Learn, Unlearn, and Relearn | Eric Reed

The futurist and philosopher Alvin Toffler once wrote:

"The illiterate of the 21st century will not be those who cannot read and write, but those who cannot learn, unlearn, and relearn."

We live in unprecedented times – a time where we are bombarded with information from all sides. We live in the world’s largest knowledge society and are all exposed to the largest pool of knowledge since the dawn of civilization. There is Google Search, YouTube, the Khan Academy and literally hundreds of other learning sites.  Sometimes it may seem overwhelming and we may feel like shutting down, ignoring all this information and getting on with our lives as best as we can. Things change so fast and new information and knowledge are now being made available to us on a daily basis.

This vast pool of knowledge being made available daily poses challenges for both businesses and individual workers alike. How do we keep up with all the latest trends and innovations? We live in a meritocratic society, where acquiring the right knowledge is essential for both businesses and individuals to remain competitive. For individuals the constant lifelong pursuit of knowledge is essential to progress through one’s career path.

When new innovations and technology arrives, it is essential that we evaluate them and see if they make sense for our business processes; if so, we should be prepared to replace the old processes with the new innovations. Many companies and individuals alike have grown complacent and are still working with mental models that have grown outdated over time - from strategy and, marketing to organization and leadership. This is where the concept of learning, relearning, and unlearning becomes the key to success or failure.

But what do we mean by unlearning and relearning? To create the new logic of value creation – we must unlearn the old one. Unlearning is the essential process of being open minded and letting go of old habits, processes and information so we may create room for new habits, processes and information. Unlearning is not about forgetting the old lessons and knowledge; rather, it is about the ability to choose and embrace a new alternative reality, model or paradigm. When we learn, we add new skills or knowledge to what we already know. When we unlearn, we step outside of our current way of thinking and choose a different mental model.  Both companies and individuals need to adopt a constant and ongoing culture of learning, unlearning and relearning.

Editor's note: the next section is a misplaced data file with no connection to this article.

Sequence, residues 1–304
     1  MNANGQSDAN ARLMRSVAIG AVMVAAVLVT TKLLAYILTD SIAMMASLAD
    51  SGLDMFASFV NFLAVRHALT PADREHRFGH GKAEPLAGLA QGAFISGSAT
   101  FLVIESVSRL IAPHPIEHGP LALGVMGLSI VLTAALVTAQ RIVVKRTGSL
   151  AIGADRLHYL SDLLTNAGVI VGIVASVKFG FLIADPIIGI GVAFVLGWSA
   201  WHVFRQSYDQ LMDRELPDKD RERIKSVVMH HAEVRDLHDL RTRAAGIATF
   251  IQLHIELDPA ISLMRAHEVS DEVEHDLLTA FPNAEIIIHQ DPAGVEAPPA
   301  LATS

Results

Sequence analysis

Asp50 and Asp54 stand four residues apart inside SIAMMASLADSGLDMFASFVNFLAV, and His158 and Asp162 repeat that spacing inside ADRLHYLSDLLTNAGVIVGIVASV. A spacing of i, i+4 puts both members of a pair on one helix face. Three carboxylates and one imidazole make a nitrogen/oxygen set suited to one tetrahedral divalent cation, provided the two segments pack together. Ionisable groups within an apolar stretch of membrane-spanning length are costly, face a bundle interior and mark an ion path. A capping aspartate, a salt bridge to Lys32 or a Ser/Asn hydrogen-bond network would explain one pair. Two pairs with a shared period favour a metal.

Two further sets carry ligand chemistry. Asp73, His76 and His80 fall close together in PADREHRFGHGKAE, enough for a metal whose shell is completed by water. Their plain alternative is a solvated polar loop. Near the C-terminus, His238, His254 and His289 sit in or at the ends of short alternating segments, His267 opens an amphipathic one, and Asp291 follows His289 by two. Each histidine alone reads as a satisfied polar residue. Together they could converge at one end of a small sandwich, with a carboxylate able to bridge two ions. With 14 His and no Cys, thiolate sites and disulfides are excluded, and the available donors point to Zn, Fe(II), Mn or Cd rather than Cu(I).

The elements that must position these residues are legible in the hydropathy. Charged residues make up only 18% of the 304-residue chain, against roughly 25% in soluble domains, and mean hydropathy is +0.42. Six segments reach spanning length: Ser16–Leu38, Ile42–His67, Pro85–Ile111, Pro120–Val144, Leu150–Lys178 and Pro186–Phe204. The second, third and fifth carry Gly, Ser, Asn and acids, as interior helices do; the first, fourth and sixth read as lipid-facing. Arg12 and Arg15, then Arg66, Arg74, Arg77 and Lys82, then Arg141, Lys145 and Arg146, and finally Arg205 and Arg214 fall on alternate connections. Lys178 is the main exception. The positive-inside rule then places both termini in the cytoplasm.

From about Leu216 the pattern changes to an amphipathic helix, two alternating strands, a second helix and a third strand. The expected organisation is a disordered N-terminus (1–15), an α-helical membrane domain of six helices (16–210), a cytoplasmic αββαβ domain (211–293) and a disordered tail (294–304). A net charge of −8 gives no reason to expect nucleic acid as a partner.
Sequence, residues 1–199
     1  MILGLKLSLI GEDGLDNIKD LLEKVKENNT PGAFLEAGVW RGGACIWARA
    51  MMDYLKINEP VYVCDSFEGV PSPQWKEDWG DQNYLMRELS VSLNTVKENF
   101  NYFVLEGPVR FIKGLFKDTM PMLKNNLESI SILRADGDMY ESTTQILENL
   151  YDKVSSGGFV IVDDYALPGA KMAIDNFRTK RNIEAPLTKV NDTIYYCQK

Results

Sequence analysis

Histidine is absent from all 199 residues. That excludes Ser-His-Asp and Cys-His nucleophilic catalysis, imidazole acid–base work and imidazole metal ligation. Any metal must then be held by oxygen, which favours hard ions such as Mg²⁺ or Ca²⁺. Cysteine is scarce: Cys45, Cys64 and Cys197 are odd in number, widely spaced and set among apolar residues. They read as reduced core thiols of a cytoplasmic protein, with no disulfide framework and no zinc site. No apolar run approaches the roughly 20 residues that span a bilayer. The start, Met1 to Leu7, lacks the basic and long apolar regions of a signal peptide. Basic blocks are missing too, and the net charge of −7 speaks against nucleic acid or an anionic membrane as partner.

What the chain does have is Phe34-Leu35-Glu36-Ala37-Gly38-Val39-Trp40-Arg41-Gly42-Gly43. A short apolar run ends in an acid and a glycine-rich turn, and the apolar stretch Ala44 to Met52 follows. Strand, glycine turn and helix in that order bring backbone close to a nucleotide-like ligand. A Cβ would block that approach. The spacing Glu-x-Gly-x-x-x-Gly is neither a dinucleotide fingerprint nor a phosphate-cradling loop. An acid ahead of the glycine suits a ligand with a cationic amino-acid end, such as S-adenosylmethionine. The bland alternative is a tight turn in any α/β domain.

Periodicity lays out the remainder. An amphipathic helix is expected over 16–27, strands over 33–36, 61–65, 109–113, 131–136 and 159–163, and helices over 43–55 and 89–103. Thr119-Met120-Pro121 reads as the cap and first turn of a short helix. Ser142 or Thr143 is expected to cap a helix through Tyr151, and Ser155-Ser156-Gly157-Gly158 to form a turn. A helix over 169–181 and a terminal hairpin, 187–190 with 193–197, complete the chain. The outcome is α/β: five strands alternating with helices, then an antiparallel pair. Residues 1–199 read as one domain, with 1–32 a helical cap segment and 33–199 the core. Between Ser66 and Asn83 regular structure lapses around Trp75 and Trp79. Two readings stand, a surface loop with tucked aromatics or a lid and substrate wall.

Southern Cross is highly committed to this idea and culture of learning, unlearning and relearning and offers tremendous opportunities to adopt this culture. Our leadership team is strongly committed to this model, making it easier for you as an individual employee to adopt this culture. Here are a few things you can do to travel down this path of acquiring new knowledge:

  1. Take advantage of all the training Southern Cross offers. Talk to your supervisor to see if you can be cross trained for several different skills and jobs.
  2. Learn more about the industry and all the technology innovations that are being introduced and used in this industry. You can do this on your own. Google Search can be your best friend at times.
  3. If you feel that you lack a certain skill, try to learn about it. If you feel you need to know some basics of Excel Spreadsheet for example or need to update your Microsoft Office skills, then go to YouTube. There are literally hundreds of tutorials. Remember that every time you “up” your game, you are making yourself more competitive and useful.
  4. If you have an idea on how to do things differently and better, talk to your supervisor and gently challenge the old assumptions. Suggest your new ideas about getting things done.
  5. Take ownership for mapping your own career path. Don’t rely on anyone else. Learn about our industry and try to predict what skills will be in demand five years from now. Then slowly learn and acquire these skills.

Above all, try to be patient and gentle with yourself. Acquiring new knowledge and unlearning old habits takes time and cannot be rushed. Southern Cross is committed to this culture of learning,  unlearning and relearning. As we go into 2019, try to make this one of your resolutions. Remember we live in a knowledge-based and meritocratic society. Hence, we must constantly upgrade our skill set and learn new skills and processes to remain competitive.

Eric Reed,

VP of Human Resources | Southern Cross